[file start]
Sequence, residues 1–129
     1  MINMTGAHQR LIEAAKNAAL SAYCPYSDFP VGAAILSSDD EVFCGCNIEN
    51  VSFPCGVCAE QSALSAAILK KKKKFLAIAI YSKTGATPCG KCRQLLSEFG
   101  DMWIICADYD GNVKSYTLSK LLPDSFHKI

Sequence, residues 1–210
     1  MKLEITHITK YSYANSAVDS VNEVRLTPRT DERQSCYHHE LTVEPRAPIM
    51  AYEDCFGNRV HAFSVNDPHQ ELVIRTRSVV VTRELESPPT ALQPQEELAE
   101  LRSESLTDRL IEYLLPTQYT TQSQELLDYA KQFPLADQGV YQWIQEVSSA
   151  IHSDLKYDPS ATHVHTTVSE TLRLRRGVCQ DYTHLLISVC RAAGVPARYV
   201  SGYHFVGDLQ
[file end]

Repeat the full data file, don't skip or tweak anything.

Sequence, residues 1–129
     1  MINMTGAHQR LIEAAKNAAL SAYCPYSDFP VGAAILSSDD EVFCGCNIEN
    51  VSFPCGVCAE QSALSAAILK KKKKFLAIAI YSKTGATPCG KCRQLLSEFG
   101  DMWIICADYD GNVKSYTLSK LLPDSFHKI

Sequence, residues 1–210
     1  MKLEITHITK YSYANSAVDS VNEVRLTPRT DERQSCYHHE LTVEPRAPIM
    51  AYEDCFGNRV HAFSVNDPHQ ELVIRTRSVV VTRELESPPT ALQPQEELAE
   101  LRSESLTDRL IEYLLPTQYT TQSQELLDYA KQFPLADQGV YQWIQEVSSA
   151  IHSDLKYDPS ATHVHTTVSE TLRLRRGVCQ DYTHLLISVC RAAGVPARYV
   201  SGYHFVGDLQ